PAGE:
Whenever sales go up, restaurant workers get more jobs and pay. The human servers get more tips. Chefs and high skilled folks in the kitchen get more hours or get paid

The other thing robots will do is create a new industry of people researching, developing, making and servicing robots for food businesses. The food industry has some pretty unique requirements for robots that make their design very different from standard robots used in manufacturing.

Most people who go to culinary school dream of making tasty, trendy, creative new recipes. However, many of them spend little time doing the creative work of developing new recipes, and instead end up being cooks who do the same thing over and over again. Today, it is hard for a chef to come up with a new recipe for multiple reasons. A chef is busy since he ends up doing or supervising tedious, repetitive tasks for much of his workday. Multiple line cooks need to be trained on how to cook the new recipe. New menu cards need to be printed.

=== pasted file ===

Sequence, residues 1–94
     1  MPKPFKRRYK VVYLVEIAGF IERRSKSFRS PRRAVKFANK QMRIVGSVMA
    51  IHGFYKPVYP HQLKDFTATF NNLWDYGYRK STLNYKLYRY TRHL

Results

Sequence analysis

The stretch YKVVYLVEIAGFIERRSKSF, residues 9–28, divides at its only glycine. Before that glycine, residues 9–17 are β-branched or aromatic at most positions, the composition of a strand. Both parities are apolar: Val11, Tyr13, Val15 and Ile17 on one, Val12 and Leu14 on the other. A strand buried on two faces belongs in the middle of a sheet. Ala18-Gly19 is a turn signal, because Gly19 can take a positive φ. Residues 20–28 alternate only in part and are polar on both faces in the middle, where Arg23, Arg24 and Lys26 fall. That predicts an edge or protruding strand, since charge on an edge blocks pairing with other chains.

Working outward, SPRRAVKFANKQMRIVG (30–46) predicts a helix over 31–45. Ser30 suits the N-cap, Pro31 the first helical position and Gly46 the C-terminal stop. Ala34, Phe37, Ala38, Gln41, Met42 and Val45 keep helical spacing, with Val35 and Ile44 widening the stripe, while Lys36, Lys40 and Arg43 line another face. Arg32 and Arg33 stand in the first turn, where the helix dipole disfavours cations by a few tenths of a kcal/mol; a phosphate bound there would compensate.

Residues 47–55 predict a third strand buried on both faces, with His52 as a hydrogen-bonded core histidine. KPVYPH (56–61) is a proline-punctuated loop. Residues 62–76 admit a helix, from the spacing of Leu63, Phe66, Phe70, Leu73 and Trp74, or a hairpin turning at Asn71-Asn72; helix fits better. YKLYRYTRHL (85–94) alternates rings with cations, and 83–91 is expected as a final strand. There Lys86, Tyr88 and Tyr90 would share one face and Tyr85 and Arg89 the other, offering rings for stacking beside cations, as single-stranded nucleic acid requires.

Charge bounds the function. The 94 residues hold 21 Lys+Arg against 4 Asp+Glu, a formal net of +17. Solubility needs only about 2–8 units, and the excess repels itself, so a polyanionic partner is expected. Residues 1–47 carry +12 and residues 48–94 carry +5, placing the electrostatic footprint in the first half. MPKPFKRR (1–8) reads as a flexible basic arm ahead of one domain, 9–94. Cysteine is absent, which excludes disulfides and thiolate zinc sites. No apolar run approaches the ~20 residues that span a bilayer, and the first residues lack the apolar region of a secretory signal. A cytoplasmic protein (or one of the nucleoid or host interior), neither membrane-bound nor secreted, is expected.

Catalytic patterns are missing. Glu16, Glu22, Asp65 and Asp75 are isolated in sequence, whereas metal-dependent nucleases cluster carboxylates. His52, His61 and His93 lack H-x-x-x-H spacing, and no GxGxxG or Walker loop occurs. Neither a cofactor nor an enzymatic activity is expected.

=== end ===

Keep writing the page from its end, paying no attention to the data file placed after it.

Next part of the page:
I believe future restaurant menus will be tablets, where one can dynamically change the menu and add a bunch of specials every so often (I can already buy 10″ tablets in China for $30). No extensive line cook training will be required to make a new recipe. Robots need the chefs to enter the recipe once, and voila, a new recipe is ready to serve in a bunch of restaurants. Chefs will have time to create new recipes since they will spend less time doing repetitive tasks in the kitchen. You will see chefs doing things they wanted to do when they first joined culinary school instead of doing repetitive tasks all day. Yes, robots could help cooks become chefs.